Saturday, 15 December 2012

The British Isles: Our Celtic Origins

Celtic origins in the British Isles date back thousands of years, emerging from a prehistoric era shrouded in mystery.

The Celtic origins of the people inhabiting the British Isles go back thousands of years, when Celtic was spoken from Kent to Cornwall in the south of England, in Wales – of which the Welsh name is Cymru, in Scotland, and in Ireland.

Prehistoric Populations in Britain and Ireland

Prehistoric populations lived in Britain and Ireland during the Stone Age, the Bronze Age and the Iron Age. The Celts may have been among the first inhabitants, but they could also have arrived at a later time and integrated with older populations. There is no historical evidence to exclude either of these possibilities.

According to John Davies, author of The Celts, until the 1950s, the introduction of the Celtic language to Britain and Ireland was believed to have come about after the seventh century BC as a result of an invasion. The absence of any descriptive historical reference to a Celtic invasion of Bronze Age Britain exposes the invasion theory as speculative, and indeed the author of The Celts notes that archaeological research offers no evidence of significant immigration either in Ireland or Britain during the centuries following 700 BC.

During the first millennium BC, three Celtic populations were established in the British Isles. The Brythonic speaking Celts lived in modern England and Wales. The Goidelic speaking Celts inhabited most of Ireland and the western regions of Scotland, where they became known as Scots, while the Picts had settled in eastern Scotland and in the north of Ireland. Various theories have been presented as to the origins of the Picts and the language they spoke, but a number of factors indicate that they were probably Brythonic speaking Celts.

In the pre-Christian era, the Celts did not make use of an alphabet. As a result, no written documentation can be found to determine the details of the Celtic origins of the peoples of Britain and Ireland. Even the idea that the Brythonic speaking people arrived in a later period than those of Goidelic tongue can not be historically certified.
The oldest reference to the Brythonic people of Britain, or Britons, stems from the voyages of the Greek explorer Pytheas of Marseilles in the fourth century BC. The New Encyclopaedia Britannica describes the Britons as Celts who arrived in Britain at an unknown date, possibly in the seventh or sixth century BC, who beyond doubt mixed with the original inhabitants.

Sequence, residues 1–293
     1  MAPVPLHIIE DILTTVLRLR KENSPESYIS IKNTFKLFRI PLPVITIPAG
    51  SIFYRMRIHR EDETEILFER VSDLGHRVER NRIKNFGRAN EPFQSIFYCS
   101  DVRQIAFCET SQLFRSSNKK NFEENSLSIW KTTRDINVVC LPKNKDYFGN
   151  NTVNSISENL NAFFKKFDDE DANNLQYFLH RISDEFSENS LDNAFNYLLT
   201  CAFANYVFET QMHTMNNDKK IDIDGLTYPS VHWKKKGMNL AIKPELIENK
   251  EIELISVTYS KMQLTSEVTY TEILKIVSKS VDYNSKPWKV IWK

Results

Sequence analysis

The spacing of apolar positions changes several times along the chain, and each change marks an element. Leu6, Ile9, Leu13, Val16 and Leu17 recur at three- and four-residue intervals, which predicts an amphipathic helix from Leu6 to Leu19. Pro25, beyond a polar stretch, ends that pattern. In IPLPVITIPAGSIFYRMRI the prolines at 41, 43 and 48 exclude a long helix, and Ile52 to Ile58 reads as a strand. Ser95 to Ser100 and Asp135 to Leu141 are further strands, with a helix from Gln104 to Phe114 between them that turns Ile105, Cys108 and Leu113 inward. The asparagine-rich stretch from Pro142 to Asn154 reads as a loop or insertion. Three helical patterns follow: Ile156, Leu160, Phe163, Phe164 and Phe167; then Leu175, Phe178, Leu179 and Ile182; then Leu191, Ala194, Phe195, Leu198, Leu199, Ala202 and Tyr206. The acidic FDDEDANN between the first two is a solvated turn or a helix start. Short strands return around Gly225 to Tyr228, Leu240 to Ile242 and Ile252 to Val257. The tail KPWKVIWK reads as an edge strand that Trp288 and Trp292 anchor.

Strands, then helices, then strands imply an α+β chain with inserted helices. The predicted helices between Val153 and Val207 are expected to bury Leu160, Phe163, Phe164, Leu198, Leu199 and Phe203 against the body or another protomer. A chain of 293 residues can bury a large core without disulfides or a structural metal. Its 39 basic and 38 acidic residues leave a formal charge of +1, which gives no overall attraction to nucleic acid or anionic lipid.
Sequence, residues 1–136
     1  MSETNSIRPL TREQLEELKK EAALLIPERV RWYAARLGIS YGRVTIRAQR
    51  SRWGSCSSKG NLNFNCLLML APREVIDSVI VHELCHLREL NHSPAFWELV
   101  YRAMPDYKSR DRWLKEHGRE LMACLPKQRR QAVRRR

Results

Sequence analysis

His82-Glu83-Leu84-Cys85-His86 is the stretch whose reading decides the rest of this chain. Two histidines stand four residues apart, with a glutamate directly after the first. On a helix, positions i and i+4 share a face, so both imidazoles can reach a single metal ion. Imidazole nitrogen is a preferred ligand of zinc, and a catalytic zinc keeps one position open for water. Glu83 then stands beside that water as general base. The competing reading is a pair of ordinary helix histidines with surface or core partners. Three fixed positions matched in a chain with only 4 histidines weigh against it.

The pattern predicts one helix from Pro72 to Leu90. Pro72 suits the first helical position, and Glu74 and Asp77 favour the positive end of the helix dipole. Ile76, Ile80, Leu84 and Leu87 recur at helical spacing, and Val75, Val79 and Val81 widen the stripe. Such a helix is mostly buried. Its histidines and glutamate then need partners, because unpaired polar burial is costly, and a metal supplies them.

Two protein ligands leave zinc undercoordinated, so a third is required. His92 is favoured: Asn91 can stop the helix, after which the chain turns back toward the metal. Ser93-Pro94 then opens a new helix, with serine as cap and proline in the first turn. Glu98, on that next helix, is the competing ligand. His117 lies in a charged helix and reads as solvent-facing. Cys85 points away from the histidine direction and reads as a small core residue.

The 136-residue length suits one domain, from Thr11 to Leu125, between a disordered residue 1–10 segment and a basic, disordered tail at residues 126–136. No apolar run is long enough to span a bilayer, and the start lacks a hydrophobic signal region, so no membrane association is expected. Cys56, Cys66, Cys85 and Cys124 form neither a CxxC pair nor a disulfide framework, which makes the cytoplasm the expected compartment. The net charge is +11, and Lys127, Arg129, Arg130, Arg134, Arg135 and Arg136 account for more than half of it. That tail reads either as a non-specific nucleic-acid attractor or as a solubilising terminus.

As there are no earlier written references to the Britons, it is impossible to determine when they first became manifest as a distinct people. This is also the case of the Goidelic speaking Celts of Ireland and western Scotland, who may have been living in the British Isles a thousand, or even several thousands of years before the advent of the Christian era.

Linguistic Definition of Celtic
The definition of Celtic in British and Irish history is based mainly upon linguistic considerations, as all the populations of the British Isles were speaking one or other form of Celtic when the Roman Empire came in contact with Britain in the year 43 AD. In The Celts, John Davies notes that the ancestor language of Brythonic could have been spoken in Britain as early as 4000 BC, and that the same could be true of the ancestor language of Irish in Ireland and of Gaulish in Gaul.

Although the British Isles were inhabited thousands of years before the Christian era, nothing is known in regards to the language that the Stone Age and Bronze Age people spoke. If they were not of Celtic origin, then it is certain that the Celtic speech became the language of Britain and Ireland through cultural assimilation. In this case, the people who were not Celts gradually adopted the language that would later be commonly spoken in its various forms.

Brythonic, which was spoken in Britain and probably among the Picts of Scotland and Ireland, is referred to as P Celtic, whereas the Goidelic speaking Irish and the Scots who settled in western Scotland spoke what is known as Q Celtic. The main difference between these two branches of the Celtic language is that the pronunciation of the k sound of the Goidelic tongue becomes a p sound in Brythonic. In addition to this, the f sound in Goidelic is pronounced as gh in Brythonic.

  • The Celts, by John Davies, based upon the S4C television series The Celts, published by Cassell & Co, 2002 edition;
  • New Encyclopaedia Britannica, 15th edition, 2007.

Written by D. Alexander

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